A reverse mortgage is a type of mortgage that allows homeowners 62 and older to relinquish equity in their homes in return for good spending money. While a traditional mortgage typically counts as debt, a reverse mortgage could go a long way to getting a person out of debt.
What this means is that, once a person gets to 62, they can decide to stop making mortgage payments and start receiving cash payments instead for their home. They’ll only be required to pay upkeep expenses, insurance and taxes until whenever they kick the bucket or decide to leave the home. A person who takes out a reverse mortgage would have a lot of money coming into their bank accounts. This money can take care of several major expenses, one of which is tuition for college kids.
Educationdata.org reports that amongst adults who have student loan debts, 93% had borrowed money to pay for their education while 81% borrowed to pay for their children’s or grandchildren’s education. If more people knew about how a reverse mortgage could help pay for tuition, these numbers might be a lot lower. Here are a couple of things you need to know about how to tap into your home’s equity to pay for tuition.
How Does a Reverse Mortgage Work?
When a reverse mortgage borrower requests funds in return for the equity in a property, these funds could be given in the form of a regular stream of income, a lump sum, or a line of credit for the period you live in the house. It could also come as a combination of all three. After the property used to take out a reverse mortgage is sold, the lender gets his money back including interests and fees.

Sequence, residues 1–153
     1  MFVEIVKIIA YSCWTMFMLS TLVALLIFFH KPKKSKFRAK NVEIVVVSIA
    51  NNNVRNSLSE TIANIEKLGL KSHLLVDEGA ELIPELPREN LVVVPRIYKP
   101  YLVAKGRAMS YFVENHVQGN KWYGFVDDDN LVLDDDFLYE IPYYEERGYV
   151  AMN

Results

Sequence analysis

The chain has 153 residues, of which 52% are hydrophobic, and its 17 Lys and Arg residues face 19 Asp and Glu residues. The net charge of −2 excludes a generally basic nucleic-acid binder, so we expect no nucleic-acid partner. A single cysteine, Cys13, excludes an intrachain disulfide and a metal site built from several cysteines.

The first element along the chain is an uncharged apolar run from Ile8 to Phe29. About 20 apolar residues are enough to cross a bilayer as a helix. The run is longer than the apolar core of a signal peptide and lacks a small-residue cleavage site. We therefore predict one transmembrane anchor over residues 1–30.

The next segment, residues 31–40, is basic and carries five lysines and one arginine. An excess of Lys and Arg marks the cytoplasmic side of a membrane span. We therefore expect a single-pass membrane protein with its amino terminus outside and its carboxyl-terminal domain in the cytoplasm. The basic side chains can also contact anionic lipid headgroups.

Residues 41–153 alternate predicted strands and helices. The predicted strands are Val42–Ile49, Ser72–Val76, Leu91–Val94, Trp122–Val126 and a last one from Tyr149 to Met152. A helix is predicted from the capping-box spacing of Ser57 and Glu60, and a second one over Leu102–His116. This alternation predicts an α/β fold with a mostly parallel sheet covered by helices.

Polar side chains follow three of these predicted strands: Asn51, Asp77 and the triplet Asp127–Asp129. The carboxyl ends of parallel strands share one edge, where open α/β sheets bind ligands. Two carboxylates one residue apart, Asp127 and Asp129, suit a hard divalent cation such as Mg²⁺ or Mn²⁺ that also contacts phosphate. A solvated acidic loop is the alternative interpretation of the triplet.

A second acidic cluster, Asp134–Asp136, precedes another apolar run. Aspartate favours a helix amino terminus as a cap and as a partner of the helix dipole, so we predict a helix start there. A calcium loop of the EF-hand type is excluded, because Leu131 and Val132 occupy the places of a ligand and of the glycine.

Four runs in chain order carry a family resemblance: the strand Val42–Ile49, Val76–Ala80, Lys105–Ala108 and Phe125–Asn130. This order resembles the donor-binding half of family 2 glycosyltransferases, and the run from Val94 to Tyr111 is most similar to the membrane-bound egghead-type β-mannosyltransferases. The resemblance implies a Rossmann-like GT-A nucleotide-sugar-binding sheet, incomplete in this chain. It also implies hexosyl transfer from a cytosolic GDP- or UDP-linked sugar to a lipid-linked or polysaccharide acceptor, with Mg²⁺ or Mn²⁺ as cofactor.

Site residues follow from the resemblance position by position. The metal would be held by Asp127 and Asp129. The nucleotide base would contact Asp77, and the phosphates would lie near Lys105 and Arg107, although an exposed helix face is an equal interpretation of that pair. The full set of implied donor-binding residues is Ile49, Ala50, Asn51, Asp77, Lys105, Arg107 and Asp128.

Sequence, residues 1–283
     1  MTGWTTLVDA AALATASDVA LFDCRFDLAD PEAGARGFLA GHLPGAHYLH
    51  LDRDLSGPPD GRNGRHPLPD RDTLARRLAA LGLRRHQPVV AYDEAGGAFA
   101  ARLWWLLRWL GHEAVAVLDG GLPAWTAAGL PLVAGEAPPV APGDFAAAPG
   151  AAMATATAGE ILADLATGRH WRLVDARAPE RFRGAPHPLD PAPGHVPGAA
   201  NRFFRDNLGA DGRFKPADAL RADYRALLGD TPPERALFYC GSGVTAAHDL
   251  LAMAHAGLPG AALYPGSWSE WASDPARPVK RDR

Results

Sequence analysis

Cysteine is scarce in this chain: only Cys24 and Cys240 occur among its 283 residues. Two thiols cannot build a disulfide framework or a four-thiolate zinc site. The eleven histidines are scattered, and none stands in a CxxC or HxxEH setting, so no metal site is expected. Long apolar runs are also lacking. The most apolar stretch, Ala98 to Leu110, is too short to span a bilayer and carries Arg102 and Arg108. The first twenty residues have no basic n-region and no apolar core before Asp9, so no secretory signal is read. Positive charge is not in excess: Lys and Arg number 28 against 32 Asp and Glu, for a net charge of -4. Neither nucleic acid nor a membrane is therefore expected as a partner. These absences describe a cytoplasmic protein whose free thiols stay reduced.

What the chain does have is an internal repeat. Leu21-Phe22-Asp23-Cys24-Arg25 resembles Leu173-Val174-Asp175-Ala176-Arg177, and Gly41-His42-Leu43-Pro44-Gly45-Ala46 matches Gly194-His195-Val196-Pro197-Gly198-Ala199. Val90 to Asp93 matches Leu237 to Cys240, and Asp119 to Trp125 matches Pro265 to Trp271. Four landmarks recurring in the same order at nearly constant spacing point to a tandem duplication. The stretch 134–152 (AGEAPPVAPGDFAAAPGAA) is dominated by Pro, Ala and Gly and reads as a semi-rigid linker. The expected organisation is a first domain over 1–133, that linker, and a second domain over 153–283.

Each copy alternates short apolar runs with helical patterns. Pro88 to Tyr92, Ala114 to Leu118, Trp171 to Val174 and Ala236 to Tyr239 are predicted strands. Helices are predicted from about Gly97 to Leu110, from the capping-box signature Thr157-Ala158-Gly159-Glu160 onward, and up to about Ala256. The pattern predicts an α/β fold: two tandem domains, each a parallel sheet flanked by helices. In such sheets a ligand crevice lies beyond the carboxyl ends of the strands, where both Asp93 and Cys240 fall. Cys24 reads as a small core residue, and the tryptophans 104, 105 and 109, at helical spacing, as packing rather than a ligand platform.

The interest is always charged after the borrower receives the money. This is unlike a traditional mortgage where the borrower is expected to make regular payments.
This type of mortgage is very similar to a home equity line of credit or a home equity loan. The only difference is that with reverse mortgages, the lender pays you instead of the other way around. A Home Equity Conversion Mortgage (HECM) represents over ninety percent of all reverse mortgages and is the most popular type of reverse mortgage.
What Are Your Financial Obligations as a Reverse Mortgage Borrower?
One of the most frequently asked questions about reverse mortgages is whether the borrower is expected to pay interest. The interest in this kind of loan comes from the home’s equity, which means the borrower is not expected to make any out-of-pocket payments.
The borrower is however expected to still pay such reoccurring fees as regular home maintenance, Home Owner Association dues, property taxes, utility bills, and relevant insurance payments.
Not Everyone is Eligible for a Reverse Mortgage
A person must be 62 years or older to be considered eligible for a reverse mortgage. A reverse mortgage borrower must also be the outright owner of their home. If you haven’t paid off your mortgage before applying, the leftover balance on your mortgage must be small enough that it can be paid off with the money gotten from the reverse mortgage. A borrower must also not owe any federal debt, which means that your income taxes and student loan payments must be up to date. Finally, a borrower is required to live in the property on which they’re taking out a reverse mortgage.
A Reverse Mortgage is not Taxable
A reverse mortgage is just an advance on one’s home equity and as such, the money gotten from a reverse mortgage cannot be taxed. Additionally, the interest paid on it, will not be considered tax-deductible until you pay off the loan. However, if you decide to save up the money gotten from a reverse mortgage, it may affect your eligibility for some public benefits.
When will You Repay a Reverse Mortgage?A reverse mortgage must be repaid when the borrower and their spouse die. Or if the borrower and their spouse do not live in the house for a year or more. You’ll also be expected to pay off this mortgage as soon as you sell the house; if you decide to sell the house. Or if you stop paying for the maintenance of the home and other dues. This means that any parent who qualifies for a reverse mortgage could easily take out one to help take care of their children’s tuition and other fees without being overwhelmed by repayment obligations.